Netflix is pulling no punches in its quest to differentiate, even if it means its customers lose out in the short-term.

The video-streaming giant revealed yesterday that it would not be renewing its Epix deal, which effectively means that a number of big-name movies will be pulled from the platform in the U.S. at the end of September.

Through joint ventures with Paramount Pictures, Lionsgate, and MGM, Epix is able to license movies, including exclusive deals, in key markets. Indeed, Epix and Netflix inked such a deal for the U.S. back in 2010, though the exclusive window ended after two years, meaning companies such as Amazon could also jump on board.

By pulling out of the Epix tie-up, Netflix is going for the exclusives jugular, a process that’s bolstered through an increasing focus on its own original content. It’s clearer than ever that Netflix doesn’t want to compete with the many other video-streaming players out there; it wants to create a clear choice for prospective subscribers — what you’ll find on Netflix, you’ll find nowhere else.

Indeed, it’s plain to see that Netflix doesn’t want to be lumped in alongside the likes of Amazon and Google. So much so, it’s happy to point prospective subscribers to its supposed competition.

For example, last year Netflix confirmed (again) that it has no plans to offer offline access to its millions of users — in its statement at the time, the company said, “There are plenty of other options if people want offline playback.” In terminating the Epix partnership, the same rules apply. The company said in its latest statement:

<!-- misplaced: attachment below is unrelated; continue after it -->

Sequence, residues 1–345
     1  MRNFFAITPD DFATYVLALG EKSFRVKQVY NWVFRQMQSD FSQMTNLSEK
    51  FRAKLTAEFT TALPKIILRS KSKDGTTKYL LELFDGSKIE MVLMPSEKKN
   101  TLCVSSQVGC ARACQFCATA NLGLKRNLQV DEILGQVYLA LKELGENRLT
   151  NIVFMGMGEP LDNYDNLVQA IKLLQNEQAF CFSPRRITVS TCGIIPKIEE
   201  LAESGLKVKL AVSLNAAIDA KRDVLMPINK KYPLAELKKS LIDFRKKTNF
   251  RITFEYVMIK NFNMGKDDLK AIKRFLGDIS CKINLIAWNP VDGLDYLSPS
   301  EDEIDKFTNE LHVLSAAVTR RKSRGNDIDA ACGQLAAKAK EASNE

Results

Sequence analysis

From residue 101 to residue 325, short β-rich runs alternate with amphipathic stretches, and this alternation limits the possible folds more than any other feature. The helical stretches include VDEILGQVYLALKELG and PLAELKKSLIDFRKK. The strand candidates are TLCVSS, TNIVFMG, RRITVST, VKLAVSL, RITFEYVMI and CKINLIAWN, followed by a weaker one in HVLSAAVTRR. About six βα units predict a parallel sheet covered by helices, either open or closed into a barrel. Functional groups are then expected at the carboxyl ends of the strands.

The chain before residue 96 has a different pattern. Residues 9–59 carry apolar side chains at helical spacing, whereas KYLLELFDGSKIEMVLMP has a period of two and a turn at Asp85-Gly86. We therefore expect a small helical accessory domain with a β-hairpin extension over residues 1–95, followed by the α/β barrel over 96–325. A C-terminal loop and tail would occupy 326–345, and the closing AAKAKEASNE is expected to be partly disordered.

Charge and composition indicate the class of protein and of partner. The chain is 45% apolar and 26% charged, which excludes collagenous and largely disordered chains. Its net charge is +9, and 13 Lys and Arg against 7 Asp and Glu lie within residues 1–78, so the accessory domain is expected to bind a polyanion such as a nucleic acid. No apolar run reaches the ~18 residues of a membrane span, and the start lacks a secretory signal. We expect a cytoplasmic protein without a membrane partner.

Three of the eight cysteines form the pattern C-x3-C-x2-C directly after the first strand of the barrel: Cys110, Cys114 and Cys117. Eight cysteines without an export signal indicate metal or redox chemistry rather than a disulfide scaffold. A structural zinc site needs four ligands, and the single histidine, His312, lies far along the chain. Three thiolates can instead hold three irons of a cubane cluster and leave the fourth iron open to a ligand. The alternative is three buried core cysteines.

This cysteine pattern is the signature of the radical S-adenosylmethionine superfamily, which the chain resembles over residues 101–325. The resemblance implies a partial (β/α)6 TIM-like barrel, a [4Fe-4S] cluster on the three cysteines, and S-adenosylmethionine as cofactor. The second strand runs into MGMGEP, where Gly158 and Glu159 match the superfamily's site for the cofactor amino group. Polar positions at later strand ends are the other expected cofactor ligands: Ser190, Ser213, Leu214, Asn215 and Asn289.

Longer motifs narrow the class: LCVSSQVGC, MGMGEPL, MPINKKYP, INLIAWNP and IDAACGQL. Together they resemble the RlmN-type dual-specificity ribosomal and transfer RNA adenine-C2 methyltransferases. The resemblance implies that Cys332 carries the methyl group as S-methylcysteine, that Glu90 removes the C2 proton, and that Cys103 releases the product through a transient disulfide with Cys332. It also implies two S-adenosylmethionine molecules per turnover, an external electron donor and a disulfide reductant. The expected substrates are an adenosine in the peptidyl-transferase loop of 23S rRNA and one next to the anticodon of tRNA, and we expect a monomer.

“While many of these movies are popular, they are also widely available on cable and other subscription platforms at the same time as they are on Netflix and subject to the same drawn out licensing periods.”

In other words, if you want these movies, you have many options already — you don’t need them on Netflix too.

Instead, Netflix refers to its new upcoming slate of original films, and hinted at some “innovative licensing arrangements with the movie studios.” It’s also quick to point out that Netflix will be the “exclusive US pay TV home” for new Disney titles, covering Pixar, Lucasfilm, and Marvel movies. This includes the new Star Wars flicks, too. “The majority of these films will arrive on Netflix faster than traditional arrangements had previously allowed,” the company continues.

Netflix claims 65 million users across more than 50 markets, including the Americas and large swaths of Europe, as well as Australia and New Zealand. The company enters Asia for the first time this week, launching in Japan, and has already revealed its first original series for the market. With plans to expand globally, in more than 200 countries by the end of 2016, it’s clear where Netflix sees itself in what is a fiercely competitive space — “exclusive” and “original” is the name of the game.

“Our goal is to provide great movies and TV series for all tastes, that are only available on Netflix,” it adds.

While ending its Epix deal will, of course, upset some people in the short-term, it’s actually a smart move in light of the company’s long-term objectives. By focusing on unique and original content, Netflix won’t have to fight for mindshare using small differentiators such as price points, or some trivial app “feature.” It will become the must-have subscription streaming service, with viewers then deciding between Amazon Instant Video, Hulu, Google Play, and all the rest for the myriad of other movies and T.V. shows out there.